More suspicious devices addressed to prominent Democrats — to New Jersey Sen. Cory Booker, California Sen. Kamala Harris and another to former intelligence chief James Clapper — were being investigated by law enforcement officials Friday.
The device addressed to Booker was intercepted in South Florida. The FBI confirmed that a suspicious package addressed to Booker had been recovered, adding that it was "similar in appearance" to at least 10 other packages this week addressed to high-profile Democrats and media figures.
Booker's office did not immediately respond to CNBC's requests for comment.
Separately, the New York Police Department said it removed a suspicious package from a U.S. Postal Service branch in midtown Manhattan that was "consistent" with the other suspected explosives. NBC News reported that the package was addressed to Clapper, who was the director of national intelligence during the Obama administration.
Later Friday morning, a man was arrested in Florida in connection with the ongoing investigation and is expected to face federal criminal charges, according to NBC News.
After the arrest of Florida resident Cesar Sayoc, 56, law enforcement officials told NBC that a similar package addressed to Harris was intercepted at a Sacramento postal facility.
White House press secretary Sarah Huckabee Sanders told reporters that "the president is receiving constant information as it is available." President Donald Trump, in a tweet Friday morning, said it was "very unfortunate" that the "'Bomb' stuff" has slowed the GOP's voting momentum ahead of the November midterm elections.
The White House did not immediately respond to CNBC's inquiries about the president's tweet.
Packages sent in manila envelopes and containing potentially explosive material have been addressed to former president Barack Obama, the New York residence of former president Bill Clinton and former Secretary of State Hillary Clinton, the New York office of news network CNN and actor Robert De Niro, among others.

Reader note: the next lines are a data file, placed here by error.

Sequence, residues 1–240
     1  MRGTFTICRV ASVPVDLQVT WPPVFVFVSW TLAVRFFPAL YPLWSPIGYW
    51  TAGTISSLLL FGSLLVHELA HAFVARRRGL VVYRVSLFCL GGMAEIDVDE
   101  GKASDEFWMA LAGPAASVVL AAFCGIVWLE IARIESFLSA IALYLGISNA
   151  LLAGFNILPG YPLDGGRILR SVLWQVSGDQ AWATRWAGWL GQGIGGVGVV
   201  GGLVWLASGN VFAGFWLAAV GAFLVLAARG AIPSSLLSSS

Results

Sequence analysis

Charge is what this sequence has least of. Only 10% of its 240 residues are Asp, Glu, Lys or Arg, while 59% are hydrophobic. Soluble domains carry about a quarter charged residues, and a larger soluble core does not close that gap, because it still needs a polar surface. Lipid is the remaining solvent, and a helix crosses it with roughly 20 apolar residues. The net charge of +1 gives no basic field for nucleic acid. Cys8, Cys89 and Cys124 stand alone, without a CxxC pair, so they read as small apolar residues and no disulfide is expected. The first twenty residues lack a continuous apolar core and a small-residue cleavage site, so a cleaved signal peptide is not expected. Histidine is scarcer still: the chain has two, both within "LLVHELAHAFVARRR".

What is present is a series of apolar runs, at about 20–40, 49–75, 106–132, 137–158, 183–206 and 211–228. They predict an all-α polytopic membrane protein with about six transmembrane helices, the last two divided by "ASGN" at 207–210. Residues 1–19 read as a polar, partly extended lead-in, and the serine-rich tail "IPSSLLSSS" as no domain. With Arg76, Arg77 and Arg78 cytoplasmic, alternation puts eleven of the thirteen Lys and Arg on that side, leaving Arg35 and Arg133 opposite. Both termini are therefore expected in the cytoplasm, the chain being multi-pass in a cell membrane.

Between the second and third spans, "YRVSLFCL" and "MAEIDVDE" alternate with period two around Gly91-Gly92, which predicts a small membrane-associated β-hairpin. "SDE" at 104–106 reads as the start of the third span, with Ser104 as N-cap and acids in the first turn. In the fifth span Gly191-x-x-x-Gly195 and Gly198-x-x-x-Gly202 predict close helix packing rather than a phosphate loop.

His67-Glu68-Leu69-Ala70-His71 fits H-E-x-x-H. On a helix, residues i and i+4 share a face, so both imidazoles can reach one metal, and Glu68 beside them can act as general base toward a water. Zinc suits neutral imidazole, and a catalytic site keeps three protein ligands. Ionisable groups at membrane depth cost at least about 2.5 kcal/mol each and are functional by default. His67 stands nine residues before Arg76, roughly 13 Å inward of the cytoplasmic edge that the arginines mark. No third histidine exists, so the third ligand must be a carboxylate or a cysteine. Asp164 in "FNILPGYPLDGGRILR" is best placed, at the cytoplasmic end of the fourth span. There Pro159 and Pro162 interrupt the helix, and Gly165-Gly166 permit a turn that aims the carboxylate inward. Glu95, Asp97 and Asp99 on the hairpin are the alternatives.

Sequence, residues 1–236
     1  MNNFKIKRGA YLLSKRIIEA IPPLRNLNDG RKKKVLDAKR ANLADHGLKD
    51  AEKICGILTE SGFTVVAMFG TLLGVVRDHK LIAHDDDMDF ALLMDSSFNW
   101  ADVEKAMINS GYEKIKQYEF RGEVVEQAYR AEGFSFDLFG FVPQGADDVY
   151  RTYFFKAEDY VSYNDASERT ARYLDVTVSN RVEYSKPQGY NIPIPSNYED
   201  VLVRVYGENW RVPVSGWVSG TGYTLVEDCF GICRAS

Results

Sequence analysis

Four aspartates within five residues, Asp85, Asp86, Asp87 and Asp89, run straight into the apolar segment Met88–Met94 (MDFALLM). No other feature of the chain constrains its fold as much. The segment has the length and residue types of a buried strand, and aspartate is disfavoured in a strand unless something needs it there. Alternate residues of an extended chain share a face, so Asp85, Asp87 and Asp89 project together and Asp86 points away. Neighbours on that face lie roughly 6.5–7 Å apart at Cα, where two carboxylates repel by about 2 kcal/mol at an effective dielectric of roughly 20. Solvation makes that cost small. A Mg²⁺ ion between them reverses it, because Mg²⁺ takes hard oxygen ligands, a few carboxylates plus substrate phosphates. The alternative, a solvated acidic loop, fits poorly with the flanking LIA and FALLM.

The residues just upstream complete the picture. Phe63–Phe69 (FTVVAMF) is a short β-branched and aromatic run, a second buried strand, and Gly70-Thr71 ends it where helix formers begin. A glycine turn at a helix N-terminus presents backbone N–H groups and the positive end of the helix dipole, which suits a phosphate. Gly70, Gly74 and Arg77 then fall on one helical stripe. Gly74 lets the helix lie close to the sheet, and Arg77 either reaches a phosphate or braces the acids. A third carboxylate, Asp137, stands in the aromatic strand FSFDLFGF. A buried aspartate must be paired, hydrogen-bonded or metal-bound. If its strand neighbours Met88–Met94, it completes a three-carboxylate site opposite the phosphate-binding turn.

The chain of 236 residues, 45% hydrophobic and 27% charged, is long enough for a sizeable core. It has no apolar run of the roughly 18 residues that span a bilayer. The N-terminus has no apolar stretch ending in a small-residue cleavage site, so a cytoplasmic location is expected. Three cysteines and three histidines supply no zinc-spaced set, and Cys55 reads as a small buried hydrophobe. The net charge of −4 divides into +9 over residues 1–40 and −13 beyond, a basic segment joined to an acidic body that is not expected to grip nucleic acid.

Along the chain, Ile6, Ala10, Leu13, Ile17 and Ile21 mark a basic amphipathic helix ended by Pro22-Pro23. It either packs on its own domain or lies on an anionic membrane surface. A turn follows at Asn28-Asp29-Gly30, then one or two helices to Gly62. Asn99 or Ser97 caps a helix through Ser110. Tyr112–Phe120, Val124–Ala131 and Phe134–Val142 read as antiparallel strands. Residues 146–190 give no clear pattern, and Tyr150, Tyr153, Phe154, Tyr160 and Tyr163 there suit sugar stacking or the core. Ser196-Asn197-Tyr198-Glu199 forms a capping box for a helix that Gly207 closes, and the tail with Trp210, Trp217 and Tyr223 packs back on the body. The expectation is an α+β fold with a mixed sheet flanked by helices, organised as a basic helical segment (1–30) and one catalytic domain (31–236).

De Niro, in a statement, said: "I thank God no one's been hurt, and I thank the brave and resourceful security and law enforcement people for protecting us. There's something more powerful than bombs, and that's your vote. People MUST vote!"
All of the targets of the suspected mail bombs have been either critical toward, or criticized by, the president. None of the packages discovered were detonated before being intercepted.
The president condemned the apparent mail bombing attempts as "egregious" and "abhorrent" conduct that has "no place in the United States" during a White House event earlier this week. But Trump also cast blame on the "hateful" media for causing "a very big part of the anger we see in our society."
The first device to be found was sent to the Bedford, New York, home of billionaire political donor George Soros, a pariah to the right wing, on Monday.
Two days later, the packages addressed to the Clintons and the Obamas were intercepted shortly before the Manhattan-based Time Warner Center, which houses CNN's offices, was evacuated. That device was addressed to former CIA Director John Brennan.
After Trump tweeted that the "Mainstream Media must clean up its act, FAST!" Brennan admonished him to "stop blaming others" in a tweet of his own.
Packages were also addressed to Rep. Maxine Waters, D-Calif., and former Attorney General Eric Holder. The latter device was redirected to the return address on the envelope, which was the Florida office of ex-Democratic National Committee Chair Debbie Wasserman Schultz, who is now a U.S. representative.
A suspicious package addressed to Vice President Joe Biden was also intercepted in Delaware, authorities reported Thursday.
In a press conference Thursday afternoon, New York political and law enforcement officials kept the lid on most details surrounding the ongoing investigation.
The suspected explosives were condemned across the political spectrum. But politicians of both major parties, as well as major media figures, differed sharply on what lessons to draw from the incidents.
"There is a total and complete lack of understanding at the White House about the seriousness of their continued attacks on the media," CNN President Jeff Zucker said in a statement. "The president, and especially the White House press secretary, should understand that their words matter. Thus far they have shown no comprehension of that."
Sanders pushed back in a tweet, saying Zucker "chose to attack and divide." And Trump, in a pre-dawn tweet of his own Friday, again went after CNN for "blaming me for the current spate of Bombs."
Asked by reporters on Thursday whether Trump bears any responsibility for the incidents as a result of comments he has made about his opponents — such as a recent remark lauding GOP Rep. Greg Gianforte for body slamming a reporter — Sanders said that "the president has condemned violence in all forms, has done that since day one and will continue to do that. But he certainly feels that everyone has a role to play."
This story is developing. Please check back for updates.